Tai Tzu-ying of Taiwan, the top-seeded World Super Series winner, reached the semi-finals of the All-England Open badminton championships on Friday, while China’s Lin Dan and Malaysia’s Lee Chong Wei closed in on an unexpected showdown.
Tai advanced with an impressive 21-14, 21-10 win over Pusarla Sindhu, the Olympic silver medalist from India.
Trailing 5-9 in the first game Tai found ways of taming the Sindhu smash, which was timed at 359kph at last year’s All-England.
“I tried to find loopholes in her attack,” Tai said.
Both leading Indian players were eliminated.
Earlier Saina Nehwal, the former world No. 1, was beaten 22-20, 22-20 by Sung Ji-hyun, the third-seeded South Korean, after leading 17-12 in the first game.
Sung faces Tai in the semis.
In the men’s draw Lee, three times the All-England Open champion, produced a light-footed performance belying the fact a knee injury almost prevented the 34-year-old from making his final appearance at the tournament, and outplayed Tian Houwei, the seventh-seeded Chinese player, 21-12, 21-15.
Lin, the 33-year-old three time Olympic champion, recovered from a woeful first game to generate rallies of patience, accuracy and beauty, to oust Viktor Axelsen, the World Super Series champion from Denmark, 8-21, 21-14, 21-15.
Both winning men played almost as well as in their prime and often with more subtlety — to their evident pleasure, as well as that of the organizers, who would love to see the two old gladiators clash today for what would be the 28th and quite likely the last time.
Lee said that Friday was the best he had moved since slipping on a mat a month ago in Kuala Lumpur, while Lin said he had delivered a performance worthy “not only of me going on court, but on an All-England court.”
Asked why he had been able to beat Axelsen when he had lost to him in the bronze-medal play-off at the Olympics in Rio de Janeiro last year, Lin said he had just come off a difficult match against Lee the day before in Rio.
Lin’s performance suggests that there is nothing wrong with either his form or motivation in defending the title and with both playing unseeded players in the semi-finals, the chances are good the organizers and the spectators will get their dream final.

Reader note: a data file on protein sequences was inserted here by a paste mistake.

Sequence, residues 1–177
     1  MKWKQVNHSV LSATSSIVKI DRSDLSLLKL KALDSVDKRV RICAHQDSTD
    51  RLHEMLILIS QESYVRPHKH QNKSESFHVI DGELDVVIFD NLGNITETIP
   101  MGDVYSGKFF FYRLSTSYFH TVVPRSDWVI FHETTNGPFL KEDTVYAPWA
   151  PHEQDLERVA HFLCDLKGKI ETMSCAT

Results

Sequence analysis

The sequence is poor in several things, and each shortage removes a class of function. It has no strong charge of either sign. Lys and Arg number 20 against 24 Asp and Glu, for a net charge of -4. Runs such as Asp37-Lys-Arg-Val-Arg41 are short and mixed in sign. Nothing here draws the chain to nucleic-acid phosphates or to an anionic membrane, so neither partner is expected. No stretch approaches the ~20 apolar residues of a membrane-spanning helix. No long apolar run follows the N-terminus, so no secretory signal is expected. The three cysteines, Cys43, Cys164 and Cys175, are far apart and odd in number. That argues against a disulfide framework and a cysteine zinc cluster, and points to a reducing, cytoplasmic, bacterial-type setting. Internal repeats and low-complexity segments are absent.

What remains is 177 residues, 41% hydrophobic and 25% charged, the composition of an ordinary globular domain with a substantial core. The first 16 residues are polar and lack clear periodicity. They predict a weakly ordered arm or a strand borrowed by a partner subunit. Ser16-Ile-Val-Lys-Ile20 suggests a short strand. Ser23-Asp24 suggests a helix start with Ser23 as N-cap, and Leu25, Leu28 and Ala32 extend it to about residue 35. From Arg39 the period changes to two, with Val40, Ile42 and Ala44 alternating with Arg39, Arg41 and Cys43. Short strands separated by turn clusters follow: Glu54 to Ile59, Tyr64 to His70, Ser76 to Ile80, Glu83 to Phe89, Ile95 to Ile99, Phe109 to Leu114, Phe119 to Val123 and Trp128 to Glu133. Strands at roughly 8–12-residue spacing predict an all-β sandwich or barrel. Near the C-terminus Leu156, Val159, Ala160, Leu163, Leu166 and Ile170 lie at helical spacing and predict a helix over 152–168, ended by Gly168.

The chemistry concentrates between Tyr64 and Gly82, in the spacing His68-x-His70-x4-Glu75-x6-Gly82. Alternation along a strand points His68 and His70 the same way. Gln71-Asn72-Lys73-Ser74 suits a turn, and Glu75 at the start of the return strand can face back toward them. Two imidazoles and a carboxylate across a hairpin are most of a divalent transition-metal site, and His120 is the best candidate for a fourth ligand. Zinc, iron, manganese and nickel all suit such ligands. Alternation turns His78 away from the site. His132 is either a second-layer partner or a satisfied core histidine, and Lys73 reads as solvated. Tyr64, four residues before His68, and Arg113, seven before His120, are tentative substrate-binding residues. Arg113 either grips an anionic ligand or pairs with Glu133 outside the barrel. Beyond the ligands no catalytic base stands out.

In other games, Ratchanok Intanon, the former world champion from Thailand who only just won a fitness race to be ready for the women’s singles, made a startling recovery to destroy Olympic champion Carolina Marin’s hopes.
Marin had not won a World Super Series event since before her Rio triumph, and vowed to rectify that at this tournament, but slid from within sight of victory to an improbable 22-20, 13-21, 21-18 quarter-final defeat.
Marin was 18-11 up in the final game, having landed a variety of heavy smashes, sliced and round-the-head, which seemed to be overwhelming the defences of her young rival.
Almost as an act of desperation Intanon landed several good blows herself, unexpectedly taking the attacking initiative away from the Spaniard, and kept the momentum going.
“I was in control of the match at 18-11, but I lost focus,” Marin said. “My opponent rushed me and I can’t understand why I lost it.”
Intanon plays a surprise semi-finalist, Akane Yamaguchi of Japan, whose 21-23, 21-14, 22-20 victory over the fourth-seeded Sun Yu ended the Chinese bid to regain a women’s singles title they have previously dominated for almost 20 years.
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